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The art of solving problems with Monte Carlo simulations (ggcarvalho.dev)
196 points by don-prettone on May 3, 2021 | hide | past | favorite | 44 comments

Something I find is underemphasised in this type of material is the equivalence between computing the value of an integral and the sum of functions of random variables. This is a very useful intuition for framing various problems in efficient ways.

This article brings it up, but only as a "look at what you can do with MC methods" and not "here's this fundamental relation that's really important."

There's lots of useful understanding about importance sampling and related techniques that seem obvious when you look at it as an integration problem.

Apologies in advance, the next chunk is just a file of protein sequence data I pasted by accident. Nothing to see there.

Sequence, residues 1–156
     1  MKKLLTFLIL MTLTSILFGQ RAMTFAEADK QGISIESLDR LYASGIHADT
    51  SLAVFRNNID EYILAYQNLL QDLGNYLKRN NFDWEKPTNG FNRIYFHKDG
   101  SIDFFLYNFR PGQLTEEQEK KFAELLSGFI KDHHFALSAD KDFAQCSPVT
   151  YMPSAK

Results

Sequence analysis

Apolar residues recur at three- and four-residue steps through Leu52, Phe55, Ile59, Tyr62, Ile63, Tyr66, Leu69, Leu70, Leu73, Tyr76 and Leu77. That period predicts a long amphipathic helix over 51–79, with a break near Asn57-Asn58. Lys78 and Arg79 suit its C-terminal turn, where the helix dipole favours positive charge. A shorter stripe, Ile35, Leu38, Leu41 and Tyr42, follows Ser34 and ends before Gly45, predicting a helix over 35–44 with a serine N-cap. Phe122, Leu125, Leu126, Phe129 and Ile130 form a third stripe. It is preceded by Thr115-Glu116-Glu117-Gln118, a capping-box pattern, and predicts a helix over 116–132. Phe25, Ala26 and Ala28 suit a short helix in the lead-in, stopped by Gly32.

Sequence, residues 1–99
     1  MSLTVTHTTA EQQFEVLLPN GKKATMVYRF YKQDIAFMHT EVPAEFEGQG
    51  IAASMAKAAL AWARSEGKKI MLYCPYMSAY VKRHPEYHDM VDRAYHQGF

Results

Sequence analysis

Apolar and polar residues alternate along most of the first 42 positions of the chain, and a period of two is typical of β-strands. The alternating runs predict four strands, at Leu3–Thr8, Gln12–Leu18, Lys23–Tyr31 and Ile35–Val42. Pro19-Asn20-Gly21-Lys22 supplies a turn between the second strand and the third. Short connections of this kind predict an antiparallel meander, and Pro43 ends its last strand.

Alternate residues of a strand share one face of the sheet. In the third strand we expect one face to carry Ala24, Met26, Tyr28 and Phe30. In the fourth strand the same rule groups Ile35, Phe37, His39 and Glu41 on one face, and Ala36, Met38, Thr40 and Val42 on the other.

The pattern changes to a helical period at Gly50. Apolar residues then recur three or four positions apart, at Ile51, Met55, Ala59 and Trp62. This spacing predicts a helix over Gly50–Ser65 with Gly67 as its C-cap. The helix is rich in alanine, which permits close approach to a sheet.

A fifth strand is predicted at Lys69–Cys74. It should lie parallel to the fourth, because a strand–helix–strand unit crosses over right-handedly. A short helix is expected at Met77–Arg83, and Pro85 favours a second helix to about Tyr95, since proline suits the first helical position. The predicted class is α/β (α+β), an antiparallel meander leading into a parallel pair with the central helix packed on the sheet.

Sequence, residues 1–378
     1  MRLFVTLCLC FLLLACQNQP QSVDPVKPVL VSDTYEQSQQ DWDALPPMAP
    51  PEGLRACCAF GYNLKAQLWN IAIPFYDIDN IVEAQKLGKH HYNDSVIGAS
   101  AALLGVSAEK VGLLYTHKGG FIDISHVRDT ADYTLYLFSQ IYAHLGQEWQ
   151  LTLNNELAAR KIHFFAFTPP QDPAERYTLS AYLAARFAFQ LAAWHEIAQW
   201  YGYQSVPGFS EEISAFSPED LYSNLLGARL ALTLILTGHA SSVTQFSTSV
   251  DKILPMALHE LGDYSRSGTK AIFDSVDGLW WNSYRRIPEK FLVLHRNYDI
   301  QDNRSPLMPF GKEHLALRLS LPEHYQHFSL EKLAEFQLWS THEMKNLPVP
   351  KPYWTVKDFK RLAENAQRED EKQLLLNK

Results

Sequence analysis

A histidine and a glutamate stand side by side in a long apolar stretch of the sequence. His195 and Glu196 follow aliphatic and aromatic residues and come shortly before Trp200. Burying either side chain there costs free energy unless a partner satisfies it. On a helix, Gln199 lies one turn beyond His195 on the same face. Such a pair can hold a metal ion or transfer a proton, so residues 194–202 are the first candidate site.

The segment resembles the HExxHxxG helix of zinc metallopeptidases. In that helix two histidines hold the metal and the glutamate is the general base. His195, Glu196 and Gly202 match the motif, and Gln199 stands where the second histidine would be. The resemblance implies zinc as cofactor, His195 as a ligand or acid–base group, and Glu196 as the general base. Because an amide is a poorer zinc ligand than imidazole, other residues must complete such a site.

Could you point to a resource that explains method well?

Unfortunately my only exposure to this is a University course I took called Computer Intensive Methods in Mathematical Statistics[1].

It was a really good course, but at the time I was not in a mental space where I could get the most out of it, so I'm kind of hoping someone else can point to a solid textbook or something.

[1]: https://www.kth.se/student/kurser/kurs/SF2955?l=en

I liked the book "Statistical Mechanics: Algorithms and Computations" by Werner Krauth. It's oriented toward physics, but IIRC he links Monte Carlo simulations to the path integral formalism.

There is also a MOOC (same title, same author) on Coursera that I found interesting. It doesn't not go to the same depth as the book however. They are more complementing each other, the book for theory, the MOOC for implementation exercises.